Over the last decade, some of the largest data breaches have mostly reached mainstream media cycles such as Equifax in 2017, Uber in 2016, and Yahoo in 2013, but thousands of data breaches go unreported according to the online database Vigilante, which tracks data breaches. Vigilante estimates there have been more than 4,000 data breaches that compromised millions of users’ data since 2003.

Under the GDPR, in the event of a breach, affected EU citizens have the right to be notified. Additionally, the law changes the way companies communicate with the public about the use of personal data.

EU citizens have additional rights under the law, including the right to request that companies remove their personal data from corporate databases, the right to demand a copy of their private data held by a company, and the right to receive notice of any processing of their personal data.

There may be spillover effects for American consumers if U.S. companies find it easier to offer protections across the board, rather than change privacy protections for different users based on their geographic location, Innocenti said.

“The laws that exist in the United States are a patchwork and they are divided up according to industry,” she said. The Health Insurance Portability and Accountability Act (HIPAA) governs healthcare information, and financial data is protected under the Gramm-Leach-Bliley Act, for example.

For now, Innocenti says no U.S. federal law that protects data privacy in general iscomparable to the GDPR.

“There’s going to have to be federal law in the form of a statute, because there is not a constitutional basis to argue for informational privacy in the United States,” she said.

Meanwhile, compliance with the GDPR may come at a significant expense for some U.S.-based companies. According to a recent PwC survey, 77 percent of U.S.-based multinational companies say they expect to invest more than $1 million to comply with the law – and the stakes are high for non-compliance. The law can fine companies up to 4 percent of their global annual revenue for noncompliance.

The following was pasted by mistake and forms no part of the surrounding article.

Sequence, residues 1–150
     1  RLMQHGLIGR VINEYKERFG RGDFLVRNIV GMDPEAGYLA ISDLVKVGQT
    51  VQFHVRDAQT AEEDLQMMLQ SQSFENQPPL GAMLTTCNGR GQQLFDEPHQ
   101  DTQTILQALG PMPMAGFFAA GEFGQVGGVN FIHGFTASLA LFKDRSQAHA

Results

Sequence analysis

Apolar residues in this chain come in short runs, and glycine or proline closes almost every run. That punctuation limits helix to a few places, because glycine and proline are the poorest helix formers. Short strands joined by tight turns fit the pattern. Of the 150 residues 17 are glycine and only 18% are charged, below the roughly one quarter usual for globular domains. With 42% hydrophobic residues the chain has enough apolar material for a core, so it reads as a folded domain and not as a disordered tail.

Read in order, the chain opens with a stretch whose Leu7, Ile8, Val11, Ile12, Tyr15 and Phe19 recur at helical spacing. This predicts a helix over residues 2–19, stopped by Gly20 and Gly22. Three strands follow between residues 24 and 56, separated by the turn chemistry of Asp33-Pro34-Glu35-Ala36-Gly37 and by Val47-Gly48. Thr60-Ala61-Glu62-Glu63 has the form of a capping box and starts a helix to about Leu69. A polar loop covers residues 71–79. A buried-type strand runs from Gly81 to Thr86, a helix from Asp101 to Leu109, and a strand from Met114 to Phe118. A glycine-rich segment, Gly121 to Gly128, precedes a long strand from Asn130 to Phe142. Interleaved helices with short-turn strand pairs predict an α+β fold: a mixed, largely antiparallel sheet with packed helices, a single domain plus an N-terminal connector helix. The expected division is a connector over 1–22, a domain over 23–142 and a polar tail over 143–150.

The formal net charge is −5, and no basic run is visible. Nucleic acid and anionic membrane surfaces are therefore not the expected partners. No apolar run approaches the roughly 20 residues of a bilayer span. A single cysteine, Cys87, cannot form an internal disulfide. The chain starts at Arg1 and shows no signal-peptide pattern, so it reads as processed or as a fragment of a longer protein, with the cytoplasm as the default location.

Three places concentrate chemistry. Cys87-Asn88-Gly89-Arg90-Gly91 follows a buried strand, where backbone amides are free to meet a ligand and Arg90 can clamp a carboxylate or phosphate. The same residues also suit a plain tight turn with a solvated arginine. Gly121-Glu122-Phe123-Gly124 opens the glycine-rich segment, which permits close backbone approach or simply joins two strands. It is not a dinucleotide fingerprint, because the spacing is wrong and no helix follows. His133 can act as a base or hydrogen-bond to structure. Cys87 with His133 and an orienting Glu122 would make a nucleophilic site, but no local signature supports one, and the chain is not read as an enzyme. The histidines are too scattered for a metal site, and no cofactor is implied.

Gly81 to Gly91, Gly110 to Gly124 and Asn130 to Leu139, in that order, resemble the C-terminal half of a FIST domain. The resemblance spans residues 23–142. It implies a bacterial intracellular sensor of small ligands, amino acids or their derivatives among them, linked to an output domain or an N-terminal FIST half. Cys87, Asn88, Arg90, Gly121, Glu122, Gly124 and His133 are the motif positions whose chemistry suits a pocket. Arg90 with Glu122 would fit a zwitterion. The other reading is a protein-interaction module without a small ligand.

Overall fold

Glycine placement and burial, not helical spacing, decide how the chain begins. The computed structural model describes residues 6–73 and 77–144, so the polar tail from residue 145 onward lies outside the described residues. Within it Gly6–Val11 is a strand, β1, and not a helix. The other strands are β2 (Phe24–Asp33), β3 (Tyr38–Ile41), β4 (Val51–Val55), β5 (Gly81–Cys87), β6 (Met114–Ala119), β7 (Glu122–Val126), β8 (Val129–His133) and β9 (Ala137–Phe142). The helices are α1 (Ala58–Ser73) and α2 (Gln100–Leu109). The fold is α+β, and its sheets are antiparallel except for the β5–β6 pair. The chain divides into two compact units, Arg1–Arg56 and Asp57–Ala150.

Some companies have opted to forgo their EU customers rather than comply with the new law. The Los Angeles Times and Chicago Tribune have blocked European audiences from accessing their content online in response to the GDPR.

International law firm White & Case tells companies to focus compliance activities in the areas of highest risk, like the large scale processing of sensitive data. Companies are advised by the firm to start with an impact assessment to determine ways to reduce their risk of non-compliance.

Still, there is no quick fix for companies seeking to comply with the new law, Innocenti says.

“It’s important to understand that GDPR compliance isn’t just tweaking your privacy policy or getting an opt-in from users. It requires operationalizing certain requirements and making sure a property security framework is in place,” she said.

“These things take time.”

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Emily Royall

Emily Royall is the Rivard Report's former data director.